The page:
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News & Press: OTF News

Preparing Turf for Summer Stress

Tuesday, May 26, 2015  
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Written by Pam Sherratt, John Street, Ph.D. and Karl Danneberger, Ph.D.

Photo courtesy of Wes Ganobcik, Huntington Park
The most stressful time of the year for cool-season turfgrass is typically June through August, when there are hot, sunny days and temperatures routinely in the 80s. The most common heat stress symptoms are a reduction in shoot growth and a stoppage or loss of a functional root system. Soil temperatures above the optimum are more detrimental than air temperature. When average daily soil temperatures exceed 70 degrees, 50 percent or more of the root system of a cool-season turfgrass can be lost. In a controlled study at Rutgers University, the researchers exposed creeping bentgrass plants to increasing soil temperatures while holding the air temperature constant at 68 degrees. At temperatures above 70 degrees they observed a decline in root mass, length and activity, which continued to decline with increasing soil temperature. In Ohio State rhizotron research, root activity and growth declined dramatically during summer stress.

Leading into the summer stress period, it’s important to encourage as much root, rhizome and stolon growth as possible. Exposing turf to drought stress prior to the summer stress period, called "drought preconditioning”, can enhance the turf’s ability to withstand heat and drought stress. Research has shown that drought preconditioning can promote deeper and more extensive root systems in turf like Kentucky bluegrass. In addition to deeper roots, preconditioned plants maintained greater leaf water content and enhanced stomatal conductance and transpiration rates. Physiologically, drought pre-conditioned plants tend to accumulate ion solutes, specifically potassium, at higher levels during periods of high temperature stress compared to non-drought stress plants. The higher ion concentration allows for a relative higher osmotic adjustment potential during summer stress. Preconditioning is done by exposing the turf to mild drought stress in the spring, which can be a challenge if there are heavy rain events throughout the spring months.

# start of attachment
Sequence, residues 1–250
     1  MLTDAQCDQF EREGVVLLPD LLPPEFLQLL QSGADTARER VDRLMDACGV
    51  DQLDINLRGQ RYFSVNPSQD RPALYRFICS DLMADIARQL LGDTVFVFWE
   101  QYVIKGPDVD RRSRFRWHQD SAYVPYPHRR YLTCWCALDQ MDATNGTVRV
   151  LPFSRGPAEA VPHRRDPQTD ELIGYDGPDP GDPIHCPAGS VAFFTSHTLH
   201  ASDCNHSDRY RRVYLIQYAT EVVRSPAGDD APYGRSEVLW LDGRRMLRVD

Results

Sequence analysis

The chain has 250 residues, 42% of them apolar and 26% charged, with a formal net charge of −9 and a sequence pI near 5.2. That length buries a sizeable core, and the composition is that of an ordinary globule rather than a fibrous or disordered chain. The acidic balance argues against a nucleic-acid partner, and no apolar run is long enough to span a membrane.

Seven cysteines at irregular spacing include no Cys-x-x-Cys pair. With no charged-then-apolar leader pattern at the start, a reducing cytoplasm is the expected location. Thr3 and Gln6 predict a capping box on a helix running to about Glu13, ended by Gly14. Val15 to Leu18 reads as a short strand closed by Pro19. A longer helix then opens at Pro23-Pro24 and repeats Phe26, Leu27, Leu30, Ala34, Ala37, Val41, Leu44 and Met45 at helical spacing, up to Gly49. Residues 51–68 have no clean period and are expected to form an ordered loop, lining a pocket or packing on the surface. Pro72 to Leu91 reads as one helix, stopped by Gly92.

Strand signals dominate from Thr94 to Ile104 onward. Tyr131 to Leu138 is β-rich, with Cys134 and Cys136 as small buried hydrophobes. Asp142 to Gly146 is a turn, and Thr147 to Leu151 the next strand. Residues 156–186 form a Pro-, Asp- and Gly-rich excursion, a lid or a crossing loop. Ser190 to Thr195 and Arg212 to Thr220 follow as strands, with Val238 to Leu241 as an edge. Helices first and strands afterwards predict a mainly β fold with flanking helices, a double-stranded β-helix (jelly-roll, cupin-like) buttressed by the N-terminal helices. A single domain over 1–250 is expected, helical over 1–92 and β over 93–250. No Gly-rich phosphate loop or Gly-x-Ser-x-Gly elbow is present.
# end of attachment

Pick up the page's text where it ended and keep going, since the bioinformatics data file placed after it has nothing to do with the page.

In addition to pre-stress conditioning, it is essential to carry out cultural practices that alleviate soil compaction and improve drainage, since spring is the best root growing period for cool-season grasses. Soil cultivation through coring or spiking will enhance gas exchange and help to remove excess water from spring rains. In spring it is important to be judicious with both water and fertilizer applications. Excessive amounts of nitrogen will favor top growth and be detrimental to root growth, so light rates of fertilizer are favored. Potassium is the nutrient most associated with water regulation within the turf plant, and it has been linked with increased stress tolerance and improved injury recovery, particularly in warm-season grasses.

The combination of pre-stress conditioning and cultural practices to encourage root growth at this time of year will provide great dividends during summer stress. Turf with healthy roots will be more likely to endure problems like white grub attack and summer patch disease, as well as foot traffic and drought.

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